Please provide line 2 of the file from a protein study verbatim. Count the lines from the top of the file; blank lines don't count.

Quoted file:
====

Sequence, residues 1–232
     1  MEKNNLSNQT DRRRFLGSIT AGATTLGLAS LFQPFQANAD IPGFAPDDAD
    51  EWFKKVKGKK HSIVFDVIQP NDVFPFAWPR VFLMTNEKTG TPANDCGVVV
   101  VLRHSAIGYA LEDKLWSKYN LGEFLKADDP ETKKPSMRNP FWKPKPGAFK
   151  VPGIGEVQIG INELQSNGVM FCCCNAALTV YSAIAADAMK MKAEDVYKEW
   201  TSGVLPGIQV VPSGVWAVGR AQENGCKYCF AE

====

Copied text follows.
     1  MEKNNLSNQT DRRRFLGSIT AGATTLGLAS LFQPFQANAD IPGFAPDDAD